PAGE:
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|Vol. 7(10), pp. 9-11||The McAllen International Orchid Society Journal||October 2006|
Fig. 1. Close-up of flower: Triphora trianthophora var. texensis. Texas; Houston Co; Davy Crocket Natl Forest. Photo: Dick Pike.
It is not often that the opportunity presents itself to describe a new variety of orchid found within the United States. Most people assume that all new species and varieties are found deep in the jungles and rain forests of South America or on remote islands in the Pacific. Not so with Triphora trianthophora var. texensis. It was right there in Houston County, just waiting for the eagle eyes of Dick Pike to notice the perky white and green flowers and set into motion what would become the whole process of recognizing and eventually naming a new variety (Fig. 1).
Fig. 2. Triphora trianthophora var. texensis. Texas; Houston Co.; Davy Crocket National Forest. Photo: Dick Pike.
In late August of 2005 Dick, a Wildlife Biologist with the Texas Parks and Wildlife Department and liaison to the National Forests in Texas, was searching for a site of Hexalectris spicata in Houston County and discovered the Triphora. On 26 August 2005, Pike observed 33 flowering plants of Triphora trianthophora in an area ca. 8-10 feet wide and 75-100 feet long. The strip is a short, shallow, intermittent drainage slope having very little vegetation and abundant mulch. The orchids are located in the bottom and sides of this drain. Although similar sites that occur nearby have been searched and suitable habitat may occur elsewhere in the National Forests of eastern Texas, to date this is the only site where the orchids have been observed. The site was visited again on 29 July 2006 and 11 plants were found and on 1 August with 80 plants seen. Pike visited the site again on 5 August and still no flowering plants were observed that day, but on August 10 there were 14 flowering plants (Fig. 2) in 100º heat! Given the difficulty of predicting "flowering days," the initial visit on 2005 was most fortuitous!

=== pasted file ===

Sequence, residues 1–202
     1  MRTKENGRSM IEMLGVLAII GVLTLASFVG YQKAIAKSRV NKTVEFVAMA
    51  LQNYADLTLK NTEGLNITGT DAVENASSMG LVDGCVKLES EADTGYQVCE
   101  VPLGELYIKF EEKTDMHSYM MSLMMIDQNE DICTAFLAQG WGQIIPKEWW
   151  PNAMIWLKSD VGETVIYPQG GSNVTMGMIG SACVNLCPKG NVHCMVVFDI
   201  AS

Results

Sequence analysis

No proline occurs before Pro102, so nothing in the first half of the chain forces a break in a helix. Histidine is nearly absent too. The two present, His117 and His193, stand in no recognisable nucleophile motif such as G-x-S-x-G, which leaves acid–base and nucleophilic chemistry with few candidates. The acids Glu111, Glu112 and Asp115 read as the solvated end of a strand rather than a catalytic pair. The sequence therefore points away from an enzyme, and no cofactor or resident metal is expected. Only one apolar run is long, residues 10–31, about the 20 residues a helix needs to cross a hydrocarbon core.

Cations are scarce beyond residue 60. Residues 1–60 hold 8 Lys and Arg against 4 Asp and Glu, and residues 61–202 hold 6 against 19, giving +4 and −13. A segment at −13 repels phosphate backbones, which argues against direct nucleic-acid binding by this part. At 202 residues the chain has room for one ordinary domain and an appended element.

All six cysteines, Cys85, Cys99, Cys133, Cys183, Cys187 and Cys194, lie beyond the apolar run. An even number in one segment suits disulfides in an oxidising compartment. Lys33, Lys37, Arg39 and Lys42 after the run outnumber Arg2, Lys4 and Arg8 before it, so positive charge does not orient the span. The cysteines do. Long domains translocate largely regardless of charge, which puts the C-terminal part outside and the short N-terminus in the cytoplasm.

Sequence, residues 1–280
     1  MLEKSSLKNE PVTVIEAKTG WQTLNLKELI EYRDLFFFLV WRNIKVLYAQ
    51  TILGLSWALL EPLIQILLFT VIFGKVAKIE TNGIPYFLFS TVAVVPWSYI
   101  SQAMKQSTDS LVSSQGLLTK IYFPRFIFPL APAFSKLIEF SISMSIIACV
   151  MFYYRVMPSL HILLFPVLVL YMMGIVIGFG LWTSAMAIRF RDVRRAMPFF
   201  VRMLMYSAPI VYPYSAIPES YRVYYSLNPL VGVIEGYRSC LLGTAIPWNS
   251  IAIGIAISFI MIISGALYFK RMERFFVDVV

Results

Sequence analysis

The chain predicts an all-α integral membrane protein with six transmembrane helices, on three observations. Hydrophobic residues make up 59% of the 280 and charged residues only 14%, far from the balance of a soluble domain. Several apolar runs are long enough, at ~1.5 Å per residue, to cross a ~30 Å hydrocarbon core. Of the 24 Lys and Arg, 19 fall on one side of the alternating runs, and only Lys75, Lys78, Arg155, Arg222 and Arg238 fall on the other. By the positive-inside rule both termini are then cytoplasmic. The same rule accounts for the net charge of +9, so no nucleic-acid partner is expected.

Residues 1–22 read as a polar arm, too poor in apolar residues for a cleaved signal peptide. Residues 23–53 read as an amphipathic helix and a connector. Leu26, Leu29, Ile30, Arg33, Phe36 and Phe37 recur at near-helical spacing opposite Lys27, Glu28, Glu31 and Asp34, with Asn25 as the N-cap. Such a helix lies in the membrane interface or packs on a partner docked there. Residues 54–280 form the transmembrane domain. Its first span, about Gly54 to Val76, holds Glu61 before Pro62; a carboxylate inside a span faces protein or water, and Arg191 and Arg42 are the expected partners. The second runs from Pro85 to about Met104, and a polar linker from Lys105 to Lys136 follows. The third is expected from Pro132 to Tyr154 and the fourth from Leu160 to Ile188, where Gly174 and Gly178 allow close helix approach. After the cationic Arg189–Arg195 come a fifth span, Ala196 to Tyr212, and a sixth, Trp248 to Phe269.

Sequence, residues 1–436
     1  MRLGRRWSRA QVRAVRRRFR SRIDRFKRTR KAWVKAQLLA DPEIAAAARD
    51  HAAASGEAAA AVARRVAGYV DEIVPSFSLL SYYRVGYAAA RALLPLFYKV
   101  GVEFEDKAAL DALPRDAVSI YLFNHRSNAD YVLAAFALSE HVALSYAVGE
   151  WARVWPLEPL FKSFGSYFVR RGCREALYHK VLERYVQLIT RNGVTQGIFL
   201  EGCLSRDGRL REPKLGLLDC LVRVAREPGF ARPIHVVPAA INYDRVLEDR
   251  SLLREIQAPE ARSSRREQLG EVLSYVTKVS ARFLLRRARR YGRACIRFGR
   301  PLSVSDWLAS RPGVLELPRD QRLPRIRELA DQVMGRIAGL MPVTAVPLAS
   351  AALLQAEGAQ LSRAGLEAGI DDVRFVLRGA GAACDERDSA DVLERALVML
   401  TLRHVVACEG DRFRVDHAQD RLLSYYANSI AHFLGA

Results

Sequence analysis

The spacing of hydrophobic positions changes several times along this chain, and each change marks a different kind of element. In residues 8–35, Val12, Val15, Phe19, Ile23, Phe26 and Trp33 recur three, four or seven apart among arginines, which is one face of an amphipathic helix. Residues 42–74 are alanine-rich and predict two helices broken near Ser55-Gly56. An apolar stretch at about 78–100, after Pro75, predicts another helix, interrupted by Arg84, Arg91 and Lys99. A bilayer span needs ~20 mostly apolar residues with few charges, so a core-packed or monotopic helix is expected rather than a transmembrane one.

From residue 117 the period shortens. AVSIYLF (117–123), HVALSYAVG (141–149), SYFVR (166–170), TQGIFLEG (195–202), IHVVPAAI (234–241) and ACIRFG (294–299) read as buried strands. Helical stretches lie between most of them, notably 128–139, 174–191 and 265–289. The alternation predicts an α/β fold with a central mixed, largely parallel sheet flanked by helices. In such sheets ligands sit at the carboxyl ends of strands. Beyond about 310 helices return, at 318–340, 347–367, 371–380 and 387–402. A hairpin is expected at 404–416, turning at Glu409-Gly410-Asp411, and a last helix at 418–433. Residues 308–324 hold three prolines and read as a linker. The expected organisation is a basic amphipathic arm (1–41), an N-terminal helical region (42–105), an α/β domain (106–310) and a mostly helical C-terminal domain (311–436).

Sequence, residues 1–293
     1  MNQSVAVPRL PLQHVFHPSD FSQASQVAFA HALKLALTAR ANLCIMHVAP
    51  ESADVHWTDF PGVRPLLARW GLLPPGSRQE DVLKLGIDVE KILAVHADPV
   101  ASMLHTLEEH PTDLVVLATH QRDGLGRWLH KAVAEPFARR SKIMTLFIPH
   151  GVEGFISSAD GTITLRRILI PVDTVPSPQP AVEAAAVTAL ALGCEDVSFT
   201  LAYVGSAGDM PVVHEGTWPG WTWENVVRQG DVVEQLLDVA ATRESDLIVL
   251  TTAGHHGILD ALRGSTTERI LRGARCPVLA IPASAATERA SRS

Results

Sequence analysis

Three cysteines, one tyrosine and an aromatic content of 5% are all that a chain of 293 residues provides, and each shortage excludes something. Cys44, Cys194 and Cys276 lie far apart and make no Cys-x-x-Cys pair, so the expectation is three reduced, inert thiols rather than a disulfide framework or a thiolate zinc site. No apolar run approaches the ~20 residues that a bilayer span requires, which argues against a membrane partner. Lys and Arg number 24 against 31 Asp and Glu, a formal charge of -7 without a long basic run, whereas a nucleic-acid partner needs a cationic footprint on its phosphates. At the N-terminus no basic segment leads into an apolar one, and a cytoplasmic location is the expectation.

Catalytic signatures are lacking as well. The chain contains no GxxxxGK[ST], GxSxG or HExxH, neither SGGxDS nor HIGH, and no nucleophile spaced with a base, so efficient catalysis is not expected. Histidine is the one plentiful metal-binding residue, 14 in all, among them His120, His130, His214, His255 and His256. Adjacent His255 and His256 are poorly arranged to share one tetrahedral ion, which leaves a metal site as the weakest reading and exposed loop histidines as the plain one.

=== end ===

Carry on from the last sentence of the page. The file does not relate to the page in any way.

In October 2005 Christine Dudding, a graduate student, then working with the genus Triphora at the University of Florida, brought to my attention the report of a colony of Triphora trianthophora with white flowers that occurred in Texas. After examining a photograph of one of the plants, I contacted Dick Pike, who had already discovered and photographed the population that August. Unlike the forma albidoflava Keenan (Keenan, 1992) that occurs randomly and with great rarity in populations of typical T. trianthophora, all the plants here were alike and not appearing at all like forma albidoflava that, although it is white-flowered, has a yellow crest and yellowish green leaves. Flower color varies greatly in most populations of T. trianthophora and may range from the white and yellow of forma albidoflava to deep black cherry-colored flowers with reddish leaves to the multicolored forma rossii with white, green, and pink leaves and small pale flowers to forma caerulea with distinctly lilac-blue flowers. Plants have even been noted that appear to be lacking in all chlorophyll and those that have stems and leaves that are a soft pale golden color. In all of these noted forms the flowers are still typical T. trianthophora.
Fig. 3. Triphora trianthophora var. texensis. Artwork by Stan Folsom.
After determining that the plants were sufficiently different than those of typical Triphora trianthophora var. trianthophora in noting the ovate lip, crests to extending nearly the apron of the lip; flowers snow white with the petals, lip, and sepals edged in cerise, the beard lime green; the stems and foliage bright green, lacking the reddish pigment usually seen in the typical species except below the surface when the stems may be tinted pale purple and the flowers are uniformly smaller than most typical T. trianthophora var. trianthophora the decision was made to recognize the plants at the varietal level (Fig. 3). The name texensis was the logical choice to indicate that the variety is endemic to Texas. Rumor had it that others might possibly be considering a similar path and I chose to publish it in a summer issue of the North American Native Orchid Journal with the type specimens deposited at the Botanical Research Institute of Texas in Ft. Worth. Only time will tell if more colonies of the rare variety are to be found, and with the limitations of flowering time for Triphora, we all need the good fortune of Dick Pike!
Note: Much of this information was taken from my article in the North American Native Orchid Journal 12: 4-10. 2006.
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